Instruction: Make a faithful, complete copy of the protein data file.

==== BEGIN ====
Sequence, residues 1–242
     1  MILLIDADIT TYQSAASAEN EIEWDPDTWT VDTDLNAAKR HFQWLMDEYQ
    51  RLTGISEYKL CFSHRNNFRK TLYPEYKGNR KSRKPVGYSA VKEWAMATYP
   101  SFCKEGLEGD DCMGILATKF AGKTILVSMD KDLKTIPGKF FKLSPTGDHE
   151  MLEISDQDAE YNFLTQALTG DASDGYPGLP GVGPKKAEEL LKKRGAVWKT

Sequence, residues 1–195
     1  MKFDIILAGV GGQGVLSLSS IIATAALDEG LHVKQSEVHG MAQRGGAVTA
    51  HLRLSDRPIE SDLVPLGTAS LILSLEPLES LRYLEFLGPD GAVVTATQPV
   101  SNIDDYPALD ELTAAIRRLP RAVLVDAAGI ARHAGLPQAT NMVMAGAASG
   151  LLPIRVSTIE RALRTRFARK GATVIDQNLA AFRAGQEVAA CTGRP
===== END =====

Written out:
Sequence, residues 1–242
     1  MILLIDADIT TYQSAASAEN EIEWDPDTWT VDTDLNAAKR HFQWLMDEYQ
    51  RLTGISEYKL CFSHRNNFRK TLYPEYKGNR KSRKPVGYSA VKEWAMATYP
   101  SFCKEGLEGD DCMGILATKF AGKTILVSMD KDLKTIPGKF FKLSPTGDHE
   151  MLEISDQDAE YNFLTQALTG DASDGYPGLP GVGPKKAEEL LKKRGAVWKT

Sequence, residues 1–195
     1  MKFDIILAGV GGQGVLSLSS IIATAALDEG LHVKQSEVHG MAQRGGAVTA
    51  HLRLSDRPIE SDLVPLGTAS LILSLEPLES LRYLEFLGPD GAVVTATQPV
   101  SNIDDYPALD ELTAAIRRLP RAVLVDAAGI ARHAGLPQAT NMVMAGAASG
   151  LLPIRVSTIE RALRTRFARK GATVIDQNLA AFRAGQEVAA CTGRP